With Jack Goodhue injured, they were obliged to reshuffle their midfield, and Sonny Bill Williams assuredly nailed down his World Cup place. Shifting to outside centre, Anton Lienert-Brown was outstanding, effectively creating three tries and scoring one.
Two more optional changes on the wing were also rewarded – and how. Here, another World Cup-winning veteran, 33-year-old Ben Smith, was dropped, as was Rieko Ioane (23 tries in 26 Tests) to be replaced by Sevu Reece and George Bridge, who’d played four Tests between them.
Each scored and each was sensational, Bridge in the sharpness and intelligence of his play, and the electric Reece in his dynamic work-rate and constant threat. His lack of experience could even be a blessing, for he clearly injects energy, not unlike Jofra Archer has done with the English cricket team.
So this is different from eight years ago or four years ago, and confirms that these All Blacks needed revamping. When the All Blacks lost a thrilling Tri Nations decider against Australia in 2011, all but four of the side were part of their 20-6 win over the same opponents in the World Cup semi-final two months later, and one of those was due to losing Dan Carter through injury.
When the All Blacks avenged their loss to Australia within a week at Eden Park four years ago, they retained a dozen of their starting XV. Two months on, there were only two changes for the ensuing World Cup semi-final win over Australia, and all but one of that side pitched up for the final.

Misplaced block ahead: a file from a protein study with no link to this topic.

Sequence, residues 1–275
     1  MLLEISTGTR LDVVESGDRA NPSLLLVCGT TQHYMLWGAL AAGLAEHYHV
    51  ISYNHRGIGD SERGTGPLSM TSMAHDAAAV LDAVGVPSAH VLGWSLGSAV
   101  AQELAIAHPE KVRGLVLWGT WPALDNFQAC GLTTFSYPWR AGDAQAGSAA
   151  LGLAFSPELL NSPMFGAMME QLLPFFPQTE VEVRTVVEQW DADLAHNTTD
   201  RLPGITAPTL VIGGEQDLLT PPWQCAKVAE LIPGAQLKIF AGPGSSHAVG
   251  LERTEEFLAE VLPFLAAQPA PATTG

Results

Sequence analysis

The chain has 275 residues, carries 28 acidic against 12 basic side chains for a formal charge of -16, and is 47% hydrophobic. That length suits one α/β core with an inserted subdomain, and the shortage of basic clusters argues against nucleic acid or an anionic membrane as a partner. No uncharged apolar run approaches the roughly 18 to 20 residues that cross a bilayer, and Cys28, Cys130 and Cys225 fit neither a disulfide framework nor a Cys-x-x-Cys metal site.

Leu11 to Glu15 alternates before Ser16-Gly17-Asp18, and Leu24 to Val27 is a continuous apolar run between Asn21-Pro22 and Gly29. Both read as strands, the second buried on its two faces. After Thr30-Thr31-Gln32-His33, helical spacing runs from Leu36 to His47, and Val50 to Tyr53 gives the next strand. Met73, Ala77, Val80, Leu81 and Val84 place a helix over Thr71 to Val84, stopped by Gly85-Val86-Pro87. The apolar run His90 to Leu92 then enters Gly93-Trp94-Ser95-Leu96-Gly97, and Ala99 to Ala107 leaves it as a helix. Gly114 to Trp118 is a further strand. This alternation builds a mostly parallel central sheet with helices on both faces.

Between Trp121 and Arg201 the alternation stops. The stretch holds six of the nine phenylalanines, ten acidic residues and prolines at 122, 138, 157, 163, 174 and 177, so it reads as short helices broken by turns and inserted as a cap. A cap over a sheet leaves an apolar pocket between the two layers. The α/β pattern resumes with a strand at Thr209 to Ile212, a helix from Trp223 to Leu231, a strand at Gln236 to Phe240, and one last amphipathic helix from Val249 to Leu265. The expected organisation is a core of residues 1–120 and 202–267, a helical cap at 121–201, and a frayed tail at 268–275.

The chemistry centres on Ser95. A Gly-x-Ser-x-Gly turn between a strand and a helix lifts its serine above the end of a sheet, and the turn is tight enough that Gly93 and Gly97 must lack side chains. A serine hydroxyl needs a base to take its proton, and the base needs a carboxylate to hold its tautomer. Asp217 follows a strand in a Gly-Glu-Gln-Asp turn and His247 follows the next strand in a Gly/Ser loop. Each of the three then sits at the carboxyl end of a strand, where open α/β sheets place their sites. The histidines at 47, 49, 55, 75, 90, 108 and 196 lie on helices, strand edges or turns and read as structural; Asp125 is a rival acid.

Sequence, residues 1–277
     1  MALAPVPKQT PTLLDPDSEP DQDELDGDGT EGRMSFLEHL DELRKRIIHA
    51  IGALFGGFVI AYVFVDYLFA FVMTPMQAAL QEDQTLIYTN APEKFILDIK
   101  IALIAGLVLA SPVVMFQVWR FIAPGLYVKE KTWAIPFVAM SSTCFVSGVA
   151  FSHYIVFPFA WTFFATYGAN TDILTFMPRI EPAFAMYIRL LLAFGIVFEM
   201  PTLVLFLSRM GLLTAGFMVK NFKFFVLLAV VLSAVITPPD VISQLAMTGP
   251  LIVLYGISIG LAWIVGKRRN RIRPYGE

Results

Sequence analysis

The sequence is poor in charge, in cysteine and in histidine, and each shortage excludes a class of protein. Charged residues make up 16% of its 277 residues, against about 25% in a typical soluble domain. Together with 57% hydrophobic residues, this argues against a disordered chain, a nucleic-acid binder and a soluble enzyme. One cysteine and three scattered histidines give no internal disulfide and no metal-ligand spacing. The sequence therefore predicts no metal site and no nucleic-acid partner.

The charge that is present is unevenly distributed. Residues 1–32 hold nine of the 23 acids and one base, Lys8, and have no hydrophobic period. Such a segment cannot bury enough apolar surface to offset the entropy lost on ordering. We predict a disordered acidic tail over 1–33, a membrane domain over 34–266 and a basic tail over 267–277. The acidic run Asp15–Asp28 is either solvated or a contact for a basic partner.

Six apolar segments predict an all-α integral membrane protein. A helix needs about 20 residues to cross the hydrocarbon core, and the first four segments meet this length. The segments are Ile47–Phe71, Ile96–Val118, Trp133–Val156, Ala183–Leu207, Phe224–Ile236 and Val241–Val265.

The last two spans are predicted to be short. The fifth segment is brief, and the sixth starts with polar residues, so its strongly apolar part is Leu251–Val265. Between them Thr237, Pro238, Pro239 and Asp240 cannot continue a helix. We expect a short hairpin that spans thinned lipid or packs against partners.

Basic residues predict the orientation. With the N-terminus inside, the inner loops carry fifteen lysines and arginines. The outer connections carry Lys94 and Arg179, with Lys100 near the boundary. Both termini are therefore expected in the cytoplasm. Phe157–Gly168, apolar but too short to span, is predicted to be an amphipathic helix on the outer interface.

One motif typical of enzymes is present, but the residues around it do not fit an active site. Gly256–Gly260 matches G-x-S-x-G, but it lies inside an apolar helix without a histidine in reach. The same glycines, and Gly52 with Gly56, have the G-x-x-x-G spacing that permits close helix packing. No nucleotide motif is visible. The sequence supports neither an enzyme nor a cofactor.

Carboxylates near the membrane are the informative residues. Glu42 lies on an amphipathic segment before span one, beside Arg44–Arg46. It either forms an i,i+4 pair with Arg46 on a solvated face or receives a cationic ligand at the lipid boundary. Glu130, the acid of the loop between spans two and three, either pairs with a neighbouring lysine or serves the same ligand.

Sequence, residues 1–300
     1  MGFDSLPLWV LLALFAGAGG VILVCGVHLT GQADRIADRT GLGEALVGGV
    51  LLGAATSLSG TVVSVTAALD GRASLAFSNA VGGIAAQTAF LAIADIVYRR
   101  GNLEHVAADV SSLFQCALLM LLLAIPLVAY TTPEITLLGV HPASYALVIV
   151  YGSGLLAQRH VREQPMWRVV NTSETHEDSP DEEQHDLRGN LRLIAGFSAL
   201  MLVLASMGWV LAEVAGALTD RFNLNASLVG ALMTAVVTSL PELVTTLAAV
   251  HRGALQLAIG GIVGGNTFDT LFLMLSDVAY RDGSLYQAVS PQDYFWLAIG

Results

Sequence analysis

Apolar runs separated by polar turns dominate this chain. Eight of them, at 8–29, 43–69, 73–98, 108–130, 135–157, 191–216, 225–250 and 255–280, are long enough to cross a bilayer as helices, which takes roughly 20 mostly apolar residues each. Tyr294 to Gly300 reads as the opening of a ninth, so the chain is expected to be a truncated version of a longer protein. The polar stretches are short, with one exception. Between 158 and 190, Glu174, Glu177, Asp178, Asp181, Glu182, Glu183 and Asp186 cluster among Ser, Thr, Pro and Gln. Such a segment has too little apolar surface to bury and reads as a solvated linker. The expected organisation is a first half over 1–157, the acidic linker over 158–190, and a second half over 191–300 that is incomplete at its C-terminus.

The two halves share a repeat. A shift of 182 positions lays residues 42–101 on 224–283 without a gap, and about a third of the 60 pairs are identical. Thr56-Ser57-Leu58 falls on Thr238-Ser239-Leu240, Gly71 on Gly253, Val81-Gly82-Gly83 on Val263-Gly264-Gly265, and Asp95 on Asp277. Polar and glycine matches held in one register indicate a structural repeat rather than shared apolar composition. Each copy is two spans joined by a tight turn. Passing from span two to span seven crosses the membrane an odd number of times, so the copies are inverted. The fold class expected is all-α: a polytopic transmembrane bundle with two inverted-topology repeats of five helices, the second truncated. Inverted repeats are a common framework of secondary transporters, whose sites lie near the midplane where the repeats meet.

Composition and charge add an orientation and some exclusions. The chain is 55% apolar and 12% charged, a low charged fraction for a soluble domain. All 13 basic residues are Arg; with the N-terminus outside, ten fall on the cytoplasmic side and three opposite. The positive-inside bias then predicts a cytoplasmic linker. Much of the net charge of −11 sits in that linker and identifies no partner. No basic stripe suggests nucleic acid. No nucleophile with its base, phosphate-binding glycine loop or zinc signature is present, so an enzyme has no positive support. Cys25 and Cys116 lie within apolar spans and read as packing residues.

Those teams didn’t need remedial selections.
“Where we had question marks, we no longer have question marks,” said Hansen on Saturday, although their choice at tighthead, second-row and the wings remains open to speculation.
Indeed, despite last Saturday’s return to form, it was in part inspired by a relatively significant overhaul in playing personnel. As a consequence, the All Blacks still look less settled than four years ago.
They cannot back themselves into quite the same corner again, nor find the same vengeful motives or indeed transplant Eden Park to Tokyo, and they’re not quite as imposing as four years ago. In this World Cup cycle they have still lost six games compared to three between 2011 and 2015.
Hence, they will assuredly kick off the World Cup as they’ve done pretty much every one of the preceding eight, ie as favourites. They could well win the William Webb Ellis Trophy for a third time in succession, too. But they also still look more vulnerable than four years ago.
It seemed utterly bizarre that on the day that the All Blacks beat Australia 36-0 to retain the Bledisloe Cup, they were removed from the top of the world rankings by Wales’s 13-6 win over England. Go figure. Brilliant achievement by the Welsh it may be, but it won’t bother the All Blacks one iota.